Taking Screenshots with Headless, The Chrome Debuggping Protocol (CDP) and Golang

There’s multiple Go drivers to connect to the Chrome Debugging Protocol in order to either run automated tests or to take responsive screenshots of websites. Let’s explore some of the options that are available for taking screenshots and how to use them from within Go.

Godet

Godet the smaller packages, which I started playing with in the beginning. I’m not actively maintaining it and it seems to have manually added API specs for the CDP. I’m only linking to my github repository because I’m still waiting for the PR to be accepted that allows the support for setDeviceMetrics.

The images produced look something like this:

This expects to have a running headless instance by the way:

google-chrome --headless --hide-scrollbars --remote-debugging-port=9222 --disable-gpu &

My working example for mobile (iPhone 7) screenshots with Go looks like this:

package main

import "fmt"
import "time"

import "github.com/jonathanmh/godet"

func main() {
    // connect to Chrome instance
    remote, _ := godet.Connect("localhost:9222", true)

    // disconnect when done
    defer remote.Close()

    // get browser and protocol version
    version, _ := remote.Version()
    fmt.Println(version)

    // install some callbacks
    remote.CallbackEvent(godet.EventClosed, func(params godet.Params) {
        fmt.Println("RemoteDebugger connection terminated.")
    })

    remote.CallbackEvent("Network.requestWillBeSent", func(params godet.Params) {
        fmt.Println("requestWillBeSent",
            params["type"],
            params["documentURL"],
            params["request"].(map[string]interface{})["url"])
    })

    remote.CallbackEvent("Network.responseReceived", func(params godet.Params) {
        fmt.Println("responseReceived",
            params["type"],
            params["response"].(map[string]interface{})["url"])
    })

    remote.CallbackEvent("Log.entryAdded", func(params godet.Params) {
        entry := params["entry"].(map[string]interface{})
        fmt.Println("LOG", entry["type"], entry["level"], entry["text"])
    })

    // enable event processing
    remote.RuntimeEvents(true)
    remote.NetworkEvents(true)
    remote.PageEvents(true)
    remote.DOMEvents(true)
    remote.LogEvents(true)

    // create new tab
    tab, _ := remote.NewTab("https://jonathanmh.com")
    fmt.Println(tab)

    remote.SetVisibleSize(375, 667)
    remote.SetDeviceMetricsOverride(375, 667, 3, true, false)

    time.Sleep(time.Second * 3)
    // take a screenshot
    _ = remote.SaveScreenshot("screenshot.png", 0644, 0, true)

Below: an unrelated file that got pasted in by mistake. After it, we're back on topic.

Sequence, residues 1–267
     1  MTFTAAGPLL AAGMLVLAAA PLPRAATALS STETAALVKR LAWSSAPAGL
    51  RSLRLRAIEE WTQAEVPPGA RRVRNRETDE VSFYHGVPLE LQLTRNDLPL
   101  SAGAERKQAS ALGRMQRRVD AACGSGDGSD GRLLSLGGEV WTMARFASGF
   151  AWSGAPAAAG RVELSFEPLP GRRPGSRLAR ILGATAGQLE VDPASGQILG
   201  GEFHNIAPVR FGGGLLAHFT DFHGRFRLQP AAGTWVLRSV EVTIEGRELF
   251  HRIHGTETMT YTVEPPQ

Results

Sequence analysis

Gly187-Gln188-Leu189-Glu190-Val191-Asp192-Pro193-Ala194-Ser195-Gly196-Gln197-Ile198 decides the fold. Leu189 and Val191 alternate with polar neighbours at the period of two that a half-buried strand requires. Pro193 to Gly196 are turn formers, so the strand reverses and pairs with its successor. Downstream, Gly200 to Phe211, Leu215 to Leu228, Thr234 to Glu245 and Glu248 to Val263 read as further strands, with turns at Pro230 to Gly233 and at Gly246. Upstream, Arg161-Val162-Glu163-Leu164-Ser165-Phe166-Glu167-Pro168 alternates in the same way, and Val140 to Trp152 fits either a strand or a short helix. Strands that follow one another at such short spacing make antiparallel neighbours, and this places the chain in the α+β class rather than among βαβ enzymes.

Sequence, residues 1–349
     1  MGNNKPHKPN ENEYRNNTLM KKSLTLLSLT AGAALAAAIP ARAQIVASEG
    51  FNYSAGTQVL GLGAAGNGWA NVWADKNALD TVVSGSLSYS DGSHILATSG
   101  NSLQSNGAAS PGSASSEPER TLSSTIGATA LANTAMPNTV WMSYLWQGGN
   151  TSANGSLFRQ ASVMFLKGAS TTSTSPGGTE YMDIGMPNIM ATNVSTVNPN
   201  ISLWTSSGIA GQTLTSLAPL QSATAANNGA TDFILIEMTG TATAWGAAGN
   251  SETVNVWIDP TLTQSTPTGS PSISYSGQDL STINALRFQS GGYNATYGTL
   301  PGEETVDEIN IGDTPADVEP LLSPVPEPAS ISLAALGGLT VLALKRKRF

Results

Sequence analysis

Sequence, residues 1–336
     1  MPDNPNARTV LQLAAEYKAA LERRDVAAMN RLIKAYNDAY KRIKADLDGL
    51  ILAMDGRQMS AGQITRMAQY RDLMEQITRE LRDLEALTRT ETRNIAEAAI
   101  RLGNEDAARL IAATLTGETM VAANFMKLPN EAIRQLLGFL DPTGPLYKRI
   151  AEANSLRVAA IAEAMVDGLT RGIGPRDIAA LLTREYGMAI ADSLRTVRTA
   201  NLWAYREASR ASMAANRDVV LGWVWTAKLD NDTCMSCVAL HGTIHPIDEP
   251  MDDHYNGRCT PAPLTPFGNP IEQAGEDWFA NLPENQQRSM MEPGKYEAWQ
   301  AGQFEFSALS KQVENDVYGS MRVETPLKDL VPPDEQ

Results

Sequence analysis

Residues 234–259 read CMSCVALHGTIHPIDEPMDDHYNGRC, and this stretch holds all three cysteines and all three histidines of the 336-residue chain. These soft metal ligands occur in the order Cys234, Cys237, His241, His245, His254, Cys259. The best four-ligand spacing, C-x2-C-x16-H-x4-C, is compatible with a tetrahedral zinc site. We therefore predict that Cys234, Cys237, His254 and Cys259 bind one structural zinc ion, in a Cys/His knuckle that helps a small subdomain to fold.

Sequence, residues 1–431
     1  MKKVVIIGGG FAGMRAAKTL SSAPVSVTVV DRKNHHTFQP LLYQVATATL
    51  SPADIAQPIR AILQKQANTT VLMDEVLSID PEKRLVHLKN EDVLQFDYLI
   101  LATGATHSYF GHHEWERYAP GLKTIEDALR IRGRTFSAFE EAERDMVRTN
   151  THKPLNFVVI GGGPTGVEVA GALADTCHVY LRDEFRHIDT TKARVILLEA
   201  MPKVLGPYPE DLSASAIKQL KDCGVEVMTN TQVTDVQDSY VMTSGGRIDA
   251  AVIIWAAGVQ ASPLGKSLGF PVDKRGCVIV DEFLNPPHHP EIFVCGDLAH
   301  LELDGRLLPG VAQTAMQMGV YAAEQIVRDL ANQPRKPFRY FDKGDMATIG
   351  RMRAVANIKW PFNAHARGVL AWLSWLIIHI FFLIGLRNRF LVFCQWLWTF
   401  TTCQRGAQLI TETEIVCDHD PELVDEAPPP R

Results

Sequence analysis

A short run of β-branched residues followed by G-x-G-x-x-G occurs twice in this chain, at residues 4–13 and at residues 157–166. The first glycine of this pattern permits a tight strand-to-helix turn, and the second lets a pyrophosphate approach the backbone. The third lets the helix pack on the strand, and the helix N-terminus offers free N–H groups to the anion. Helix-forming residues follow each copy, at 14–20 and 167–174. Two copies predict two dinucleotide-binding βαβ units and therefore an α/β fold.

// or save page as PDF
    // _ = remote.SavePDF("page.pdf", 0644, godet.PortraitMode(), godet.Scale(0.5), godet.Dimensions(6.0, 2.0))
}

Chromedp

Chromedp is a really cool project, very much geared towards automatic testing, but also supporting screenshots. There’s a wrapper around it on github: web2image that works as a command line uitility. Another bonus is that the package takes care of starting a chrome/chromium instance for you.

There’s a small caveat when you’re not 100% sure which Chrome/Chromium version you have installed at the moment though:

If your Chrome is not up to date with the protocol definition that is generated from the chromium source, this package will not work for you. You’ll need to make sure the version of Chromedp fits your install Chrome Headless version if the API changed recently.

Example: SetDeviceMetricsOverride:

err := emulation.SetDeviceMetricsOverride(sw, sh, scale, false).WithScale(scale).Do(ctxt, ha)
  if err != nil {
    return err
  }

will throw:

2017/10/01 10:57:37 <- {"id":12,"method":"Emulation.setDeviceMetricsOverride","params":{"width":1011,"height":357,"deviceScaleFactor":0.7,"mobile":false,"scale":0.7}}
2017/10/01 10:57:37 -> {"error":{"code":-32602,"message":"Invalid parameters","data":"fitWindow: boolean value expected"},"id":12}

because older Chromiums expect another parameter. However if you try to use that parameter with the up to date Go package, it will not compile, because the parameter is not part of that function any longer.

Summary

If you can get your service up and running or match the Chromium/chromedp versions successfully, it’s a great tool. Chromedp also is bound to keep up to date with the protocol as it changes and seems to be backed by a company that relies on it.

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